We are also lucky that we have friends and family that support us every day so we were not alone in our fight to understand and deal with this hand that we had been dealt. For the most part our life goes on as any normal family does. We do all the normal family things and we try not to dwell on Max’s problems. But each time a doctor’s appointment comes up or when an MRI is scheduled we hold our breath and pray that they won’t find anything.

In November of 2002 Max was scheduled for a routine MRI simply because he hadn’t had one for a couple of years. So the breath holding began. Unfortunately this time we could not breathe that sigh of relief that we wanted because this time the news wasn’t good. Max had developed a brain tumor that was causing a backup of fluid in his brain and we needed to get him to the hospital as soon as possible…………….. The next day our 6 year old boy had brain surgery. No parent should have to sit outside an operating room while their child has ANY kind of surgery much less surgery on their brain. But there we were pacing, crying, hoping for the best but fearing the worst.

An hour after Max came out of surgery his only requests were to play Nintendo and maybe get a little McDonalds for dinner. This is the kind of kid that we have. One that we are surprised and amazed by every day. Nothing seems to bother this kid for long. Sure he might not like getting an IV put in but once it’s in he doesn’t seem to mind or even notice.

As parents, Kristen and I have good days and bad days. On the bad days we are often told “Well, Look on the bright side. Things could be worse.” Now I am a reasonably intelligent guy and I understand that things with Max could be worse…a lot worse, but some days that knowledge doesn’t help. Try to imagine your child looking up at you with tears in his eyes and saying “Why can’t I run as fast as the other kids” and knowing that he wants an answer from you that you just don’t have and then tell me at that moment that things could be worse. Or imagine seeing your child unconscious on a hospital bed with a bandage on his head and tell me things could be worse.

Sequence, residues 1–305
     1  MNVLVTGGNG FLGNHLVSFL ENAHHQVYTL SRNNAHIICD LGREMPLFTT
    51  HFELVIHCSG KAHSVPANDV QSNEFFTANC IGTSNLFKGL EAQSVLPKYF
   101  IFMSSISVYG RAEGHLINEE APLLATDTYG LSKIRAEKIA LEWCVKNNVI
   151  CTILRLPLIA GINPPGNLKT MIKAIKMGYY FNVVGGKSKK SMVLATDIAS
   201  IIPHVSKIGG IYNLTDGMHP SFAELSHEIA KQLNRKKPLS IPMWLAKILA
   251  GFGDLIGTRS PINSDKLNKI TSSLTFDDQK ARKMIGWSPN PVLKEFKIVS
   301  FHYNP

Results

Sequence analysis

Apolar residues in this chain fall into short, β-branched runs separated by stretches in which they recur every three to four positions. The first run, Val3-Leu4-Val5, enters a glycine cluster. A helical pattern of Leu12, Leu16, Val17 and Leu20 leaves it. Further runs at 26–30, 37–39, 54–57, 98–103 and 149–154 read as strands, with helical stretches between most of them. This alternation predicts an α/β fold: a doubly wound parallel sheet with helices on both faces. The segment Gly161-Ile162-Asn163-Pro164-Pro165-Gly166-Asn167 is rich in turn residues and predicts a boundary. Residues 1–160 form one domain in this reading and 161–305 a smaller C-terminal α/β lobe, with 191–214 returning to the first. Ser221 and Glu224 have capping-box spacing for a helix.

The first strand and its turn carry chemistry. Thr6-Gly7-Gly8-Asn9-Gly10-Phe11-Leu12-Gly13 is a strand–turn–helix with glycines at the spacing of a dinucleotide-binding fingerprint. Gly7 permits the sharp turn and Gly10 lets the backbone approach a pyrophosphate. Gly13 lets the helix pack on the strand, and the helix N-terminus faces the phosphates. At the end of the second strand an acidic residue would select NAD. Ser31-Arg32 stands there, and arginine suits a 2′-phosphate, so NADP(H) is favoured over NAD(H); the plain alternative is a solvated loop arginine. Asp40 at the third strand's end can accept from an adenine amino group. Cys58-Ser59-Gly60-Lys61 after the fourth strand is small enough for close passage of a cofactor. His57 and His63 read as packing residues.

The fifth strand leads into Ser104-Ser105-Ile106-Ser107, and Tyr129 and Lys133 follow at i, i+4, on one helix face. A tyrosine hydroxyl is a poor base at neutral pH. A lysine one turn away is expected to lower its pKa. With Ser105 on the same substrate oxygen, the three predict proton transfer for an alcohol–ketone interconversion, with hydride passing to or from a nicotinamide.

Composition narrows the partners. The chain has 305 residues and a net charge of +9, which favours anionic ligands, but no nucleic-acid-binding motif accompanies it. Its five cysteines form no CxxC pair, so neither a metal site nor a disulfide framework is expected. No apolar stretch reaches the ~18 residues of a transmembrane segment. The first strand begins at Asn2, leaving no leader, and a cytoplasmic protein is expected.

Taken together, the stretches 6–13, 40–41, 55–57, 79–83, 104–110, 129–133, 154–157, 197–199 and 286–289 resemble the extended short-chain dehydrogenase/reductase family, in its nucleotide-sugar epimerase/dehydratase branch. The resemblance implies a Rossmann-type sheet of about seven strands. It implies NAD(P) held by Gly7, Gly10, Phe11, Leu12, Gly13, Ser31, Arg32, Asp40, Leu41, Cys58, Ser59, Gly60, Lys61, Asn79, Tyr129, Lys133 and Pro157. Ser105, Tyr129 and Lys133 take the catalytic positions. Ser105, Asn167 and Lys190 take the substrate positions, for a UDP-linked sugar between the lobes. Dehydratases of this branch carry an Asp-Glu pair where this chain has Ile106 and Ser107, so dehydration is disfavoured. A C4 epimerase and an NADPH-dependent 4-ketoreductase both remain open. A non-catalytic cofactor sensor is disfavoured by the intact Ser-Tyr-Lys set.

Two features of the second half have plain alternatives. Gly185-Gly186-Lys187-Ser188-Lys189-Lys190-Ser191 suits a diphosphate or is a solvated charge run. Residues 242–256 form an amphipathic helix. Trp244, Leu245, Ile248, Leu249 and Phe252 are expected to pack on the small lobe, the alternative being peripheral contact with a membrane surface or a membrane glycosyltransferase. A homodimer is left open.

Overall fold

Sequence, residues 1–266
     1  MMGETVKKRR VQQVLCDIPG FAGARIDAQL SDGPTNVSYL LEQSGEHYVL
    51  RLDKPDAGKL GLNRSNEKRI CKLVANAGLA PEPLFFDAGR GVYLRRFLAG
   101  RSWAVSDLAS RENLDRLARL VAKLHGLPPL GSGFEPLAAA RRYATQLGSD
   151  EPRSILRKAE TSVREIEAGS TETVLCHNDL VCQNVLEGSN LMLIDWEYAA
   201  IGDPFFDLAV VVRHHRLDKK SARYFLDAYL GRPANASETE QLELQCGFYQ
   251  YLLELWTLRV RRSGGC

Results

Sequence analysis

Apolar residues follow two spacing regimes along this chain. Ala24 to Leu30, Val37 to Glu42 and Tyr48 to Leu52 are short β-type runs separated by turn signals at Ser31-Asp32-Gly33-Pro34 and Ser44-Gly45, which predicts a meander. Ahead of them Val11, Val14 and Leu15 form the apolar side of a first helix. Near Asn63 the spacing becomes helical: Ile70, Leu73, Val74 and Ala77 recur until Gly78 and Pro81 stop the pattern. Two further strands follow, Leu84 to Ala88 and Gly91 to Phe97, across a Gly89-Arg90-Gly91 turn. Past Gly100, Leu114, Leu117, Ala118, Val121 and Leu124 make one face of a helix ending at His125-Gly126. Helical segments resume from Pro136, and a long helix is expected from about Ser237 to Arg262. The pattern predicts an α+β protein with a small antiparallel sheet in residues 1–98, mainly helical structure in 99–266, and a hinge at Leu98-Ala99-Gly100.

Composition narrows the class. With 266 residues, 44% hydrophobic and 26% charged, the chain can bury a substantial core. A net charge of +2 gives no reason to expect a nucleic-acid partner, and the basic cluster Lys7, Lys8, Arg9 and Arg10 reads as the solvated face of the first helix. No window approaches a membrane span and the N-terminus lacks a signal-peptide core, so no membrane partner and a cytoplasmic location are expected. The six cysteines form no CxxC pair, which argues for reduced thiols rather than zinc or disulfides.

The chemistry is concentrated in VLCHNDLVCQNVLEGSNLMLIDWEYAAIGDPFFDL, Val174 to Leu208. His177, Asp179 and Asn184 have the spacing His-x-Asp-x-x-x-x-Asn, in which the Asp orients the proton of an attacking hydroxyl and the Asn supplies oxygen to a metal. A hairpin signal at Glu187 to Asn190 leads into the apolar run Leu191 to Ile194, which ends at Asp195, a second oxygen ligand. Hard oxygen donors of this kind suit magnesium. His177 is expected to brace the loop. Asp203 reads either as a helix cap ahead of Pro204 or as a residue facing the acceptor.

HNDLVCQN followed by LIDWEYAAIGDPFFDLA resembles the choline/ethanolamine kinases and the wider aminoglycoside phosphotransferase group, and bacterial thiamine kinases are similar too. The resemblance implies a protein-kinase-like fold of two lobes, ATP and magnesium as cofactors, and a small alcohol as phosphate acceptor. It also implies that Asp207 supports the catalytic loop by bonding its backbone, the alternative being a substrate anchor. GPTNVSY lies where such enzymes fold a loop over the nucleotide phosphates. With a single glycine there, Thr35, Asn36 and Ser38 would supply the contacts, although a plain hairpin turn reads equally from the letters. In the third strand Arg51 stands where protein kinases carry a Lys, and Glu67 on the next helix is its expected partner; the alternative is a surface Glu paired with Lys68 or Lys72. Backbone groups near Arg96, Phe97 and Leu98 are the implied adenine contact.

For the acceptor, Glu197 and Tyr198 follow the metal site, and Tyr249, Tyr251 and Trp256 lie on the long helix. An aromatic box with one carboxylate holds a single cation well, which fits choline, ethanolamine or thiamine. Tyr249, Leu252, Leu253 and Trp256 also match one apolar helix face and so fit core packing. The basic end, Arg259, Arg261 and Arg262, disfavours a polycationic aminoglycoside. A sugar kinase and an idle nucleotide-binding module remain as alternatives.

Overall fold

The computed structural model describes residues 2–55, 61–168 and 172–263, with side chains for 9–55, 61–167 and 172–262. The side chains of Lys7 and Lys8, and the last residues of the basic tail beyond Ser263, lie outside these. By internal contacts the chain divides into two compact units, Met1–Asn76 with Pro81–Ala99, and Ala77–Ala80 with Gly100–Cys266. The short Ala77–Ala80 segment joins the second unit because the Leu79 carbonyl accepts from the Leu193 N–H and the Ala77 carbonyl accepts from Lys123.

On the other hand when you see, as Kristen and I did one day, your child who has always had balance problems, walk along the wall of a sandbox like a balance beam with no problem and no knowledge that he is doing anything special, at that moment things couldn’t be better. Or imagine watching your son get his first hit in baseball and see the joy on his face as he jumps up and down on 1st base with his arms raised like Rocky at the top of the stairs and life couldn’t get any sweeter.

You see that’s why NF is, for me, both a curse and a blessing. On the one hand we will for the rest of our lives sweat out every doctor’s appointment and every test wondering will this be the one where they find something. And at the same time you appreciate everything your child does, every milestone, every success so much more than if they had no problems at all.

The other blessing about having a child with NF is people like you. People that take time out of there hectic lives and money out of their wallets to help. Every day on the news all you ever here about is tragedy, death and the dark side of the human animal. What we get to see is the generosity, compassion and beauty of the human soul. When we have our worst days we can always count on a kind word or a small gesture that reminds us that we are not alone in our pain.

Today, life for us is pretty good. Max just recently had another MRI and it showed that the tumor in his head is stable. His speech continues to improve, He is having a great time on his baseball team, He does pretty well in school and has a lot of friends. You could say that we are having a good run of luck (knock on wood). But in the back of my mind I ask …how long will this run last? It is the burden that Kristen and I and all the people that know and love Max have to bear. How long will this run last? If people like you continue to donate to the NF Inc. Northeast, in whatever way that you can, and help them in their search for a cure, it could last for the rest of Max’s life.

Thank you